To code correctly, you need to understand what an ABI is, which services qualify for 93922 or 93923, and which services you should include under E/M.
ABI: ABI involves using a Doppler ultrasound stethoscope to measure sound within the vessels at the ankle and elbow while inflating cuffs placed on the arms and legs. The tester divides the arm measurement by the ankle measurement. A result under 1 may point to artery blockage in the legs.
ABI plus: ABI alone does not qualify for 93922 or 93923. CPT® guidelines state that you may report ABI using those codes only when there is "simultaneous Doppler recording and analysis of bidirectional blood flow, volume plethysmography, or transcutaneous oxygen tension measurements." So you shouldn't report 93922 or 93923 unless documentation shows ABI plus one of those other tests.
E/M: The guidelines list two services you should include as part of the E/M vascular physical exam instead of using 93922 or 93923. Keep an eye out for use of a hand-held or other Doppler device that:
Doesn't allow the creation of hardcopy output (keep in mind that for these studies you'll see measurements and charts rather than imaging)
Produces a record that doesn't allow analysis of bidirectional vascular flow (for instance, the device can detect flow, but it can't determine the direction of the flow).
3. What Are the Specific NIPS Listed?
The code definitions list the following exams:
Bidirectional Doppler waveform recording and analysis
Transcutaneous oxygen measurements.
Question 2 discussed ABI services. Read on for more information on the other exams.
Bidirectional Doppler waveform analysis: Doppler ultrasound involves evaluating blood flow using reflected sound waves. If the cells are in motion, the sound changes. But the pitch doesn't change if there's no blood flow. As a result, the physician can measure Doppler velocity signals, also called waveforms, to locate vascular disease, according to The ACR Radiology Coding Source (January/February 2007).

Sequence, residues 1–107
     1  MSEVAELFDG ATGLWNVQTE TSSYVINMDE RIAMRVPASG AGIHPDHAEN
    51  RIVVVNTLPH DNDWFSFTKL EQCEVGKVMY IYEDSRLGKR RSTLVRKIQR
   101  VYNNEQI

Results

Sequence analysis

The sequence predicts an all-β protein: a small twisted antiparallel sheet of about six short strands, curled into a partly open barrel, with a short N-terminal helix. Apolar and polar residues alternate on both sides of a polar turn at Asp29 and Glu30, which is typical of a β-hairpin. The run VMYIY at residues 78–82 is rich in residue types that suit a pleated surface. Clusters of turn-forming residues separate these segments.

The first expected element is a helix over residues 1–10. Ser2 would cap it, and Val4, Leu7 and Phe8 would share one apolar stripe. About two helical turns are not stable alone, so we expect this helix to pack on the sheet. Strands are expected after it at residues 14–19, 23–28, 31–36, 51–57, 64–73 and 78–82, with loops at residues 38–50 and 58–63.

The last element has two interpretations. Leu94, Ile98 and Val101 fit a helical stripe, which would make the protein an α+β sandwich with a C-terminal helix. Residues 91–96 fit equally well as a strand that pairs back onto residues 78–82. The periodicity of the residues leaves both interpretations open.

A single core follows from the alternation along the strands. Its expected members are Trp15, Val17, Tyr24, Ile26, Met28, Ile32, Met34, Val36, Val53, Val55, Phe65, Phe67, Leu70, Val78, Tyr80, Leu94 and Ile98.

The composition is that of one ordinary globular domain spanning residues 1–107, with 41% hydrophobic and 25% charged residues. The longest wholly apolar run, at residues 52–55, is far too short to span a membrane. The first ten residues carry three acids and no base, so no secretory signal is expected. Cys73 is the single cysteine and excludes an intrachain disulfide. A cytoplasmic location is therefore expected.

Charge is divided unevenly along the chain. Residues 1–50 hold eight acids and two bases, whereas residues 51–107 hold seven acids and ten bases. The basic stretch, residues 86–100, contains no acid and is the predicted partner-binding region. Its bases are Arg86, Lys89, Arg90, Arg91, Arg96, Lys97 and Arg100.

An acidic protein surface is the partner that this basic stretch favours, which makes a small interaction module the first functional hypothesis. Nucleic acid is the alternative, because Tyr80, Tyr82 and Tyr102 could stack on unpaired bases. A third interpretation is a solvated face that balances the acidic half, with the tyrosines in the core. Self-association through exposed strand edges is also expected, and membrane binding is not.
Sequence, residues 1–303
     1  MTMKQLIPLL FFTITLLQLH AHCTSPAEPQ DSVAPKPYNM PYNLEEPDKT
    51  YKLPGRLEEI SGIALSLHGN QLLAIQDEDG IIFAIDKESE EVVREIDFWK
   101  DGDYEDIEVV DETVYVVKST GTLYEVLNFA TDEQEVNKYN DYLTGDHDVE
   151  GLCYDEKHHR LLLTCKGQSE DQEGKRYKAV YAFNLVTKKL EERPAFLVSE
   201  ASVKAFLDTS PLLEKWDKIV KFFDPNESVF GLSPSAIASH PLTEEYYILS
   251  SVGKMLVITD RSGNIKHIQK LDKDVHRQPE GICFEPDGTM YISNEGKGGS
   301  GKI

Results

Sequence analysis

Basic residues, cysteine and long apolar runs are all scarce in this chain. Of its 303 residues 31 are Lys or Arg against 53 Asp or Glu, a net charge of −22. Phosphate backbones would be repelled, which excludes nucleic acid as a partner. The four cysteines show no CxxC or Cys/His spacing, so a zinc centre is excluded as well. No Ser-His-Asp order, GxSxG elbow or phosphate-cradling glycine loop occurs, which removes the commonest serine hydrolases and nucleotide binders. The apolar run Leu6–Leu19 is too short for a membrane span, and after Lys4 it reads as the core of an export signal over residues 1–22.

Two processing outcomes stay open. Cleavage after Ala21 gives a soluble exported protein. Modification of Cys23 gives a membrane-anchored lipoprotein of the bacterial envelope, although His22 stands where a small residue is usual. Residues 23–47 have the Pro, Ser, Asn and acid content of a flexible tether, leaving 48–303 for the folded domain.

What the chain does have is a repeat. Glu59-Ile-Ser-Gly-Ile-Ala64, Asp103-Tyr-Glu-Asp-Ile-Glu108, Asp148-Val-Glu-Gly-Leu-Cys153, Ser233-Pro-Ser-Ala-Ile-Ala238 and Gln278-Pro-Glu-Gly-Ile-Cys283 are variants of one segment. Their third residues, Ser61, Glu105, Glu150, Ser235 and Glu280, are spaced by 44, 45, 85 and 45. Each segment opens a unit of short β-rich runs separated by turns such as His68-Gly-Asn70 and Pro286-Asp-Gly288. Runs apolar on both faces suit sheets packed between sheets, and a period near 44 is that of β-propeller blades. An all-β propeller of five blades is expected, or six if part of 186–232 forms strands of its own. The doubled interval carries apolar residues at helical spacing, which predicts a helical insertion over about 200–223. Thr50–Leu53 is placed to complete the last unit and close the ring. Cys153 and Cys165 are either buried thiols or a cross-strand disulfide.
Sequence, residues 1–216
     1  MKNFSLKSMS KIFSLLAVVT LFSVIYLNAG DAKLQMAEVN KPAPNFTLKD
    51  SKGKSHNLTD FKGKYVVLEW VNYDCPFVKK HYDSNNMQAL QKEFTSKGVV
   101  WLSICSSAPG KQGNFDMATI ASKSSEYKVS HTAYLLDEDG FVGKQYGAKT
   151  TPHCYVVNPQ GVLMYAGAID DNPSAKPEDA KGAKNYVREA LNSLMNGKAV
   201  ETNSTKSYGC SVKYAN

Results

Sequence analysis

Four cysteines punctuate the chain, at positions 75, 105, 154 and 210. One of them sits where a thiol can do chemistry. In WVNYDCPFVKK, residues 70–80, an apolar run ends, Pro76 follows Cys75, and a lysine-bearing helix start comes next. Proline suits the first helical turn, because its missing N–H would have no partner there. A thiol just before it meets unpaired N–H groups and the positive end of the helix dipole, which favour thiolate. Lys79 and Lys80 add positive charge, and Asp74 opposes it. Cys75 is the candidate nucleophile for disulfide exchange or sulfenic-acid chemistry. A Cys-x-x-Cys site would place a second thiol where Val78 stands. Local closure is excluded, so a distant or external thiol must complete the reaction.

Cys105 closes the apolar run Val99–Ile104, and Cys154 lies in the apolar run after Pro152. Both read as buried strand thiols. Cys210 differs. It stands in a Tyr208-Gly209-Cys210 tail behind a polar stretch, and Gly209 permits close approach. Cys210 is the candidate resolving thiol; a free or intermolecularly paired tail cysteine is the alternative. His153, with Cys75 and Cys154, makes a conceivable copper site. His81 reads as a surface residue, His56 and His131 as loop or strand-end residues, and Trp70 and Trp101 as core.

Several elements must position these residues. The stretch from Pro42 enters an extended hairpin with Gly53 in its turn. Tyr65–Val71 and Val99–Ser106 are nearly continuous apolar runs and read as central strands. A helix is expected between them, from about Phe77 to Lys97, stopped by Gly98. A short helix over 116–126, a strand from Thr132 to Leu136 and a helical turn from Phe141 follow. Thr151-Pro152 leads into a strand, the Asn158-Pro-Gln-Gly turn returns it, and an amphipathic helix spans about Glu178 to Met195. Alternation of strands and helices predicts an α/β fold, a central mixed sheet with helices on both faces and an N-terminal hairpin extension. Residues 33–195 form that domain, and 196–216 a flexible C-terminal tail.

Plethysmography: When the physician measures an organ or limb section's volume or flow rate, this is plethysmography. In other words, the test determines circulatory capacity of arteries, Schad says. Different types include air, impedance, strain gauge, and photo, CPT® Assistant (August 2009) states. For instance, you may see a pulsed volume recorder (PVR) for segmental air plethysmography using cuff pressure. Or for strain gauge plethysmography, staff members place an "elastic tube filled with an electro-conductive metal" around the patient's limb and evaluate blood flow based on the volume changes revealed by the specialized tube, states CPT® Assistant.
TCOM: Transcutaneous oxygen tension measurement may be abbreviated as TCOM, Schad notes. You also may see the term TcPO2. This service involves placing electrodes or sensors on the skin to identify the amount of oxygen carried to the skin by the arteries, explains Schad. This knowledge is important to the treating physician's medical decision making, she says. For instance, it may help in deciding the course for wound care for diabetic patients.
SO even there is no ABI but the case meets other requirements code for 93922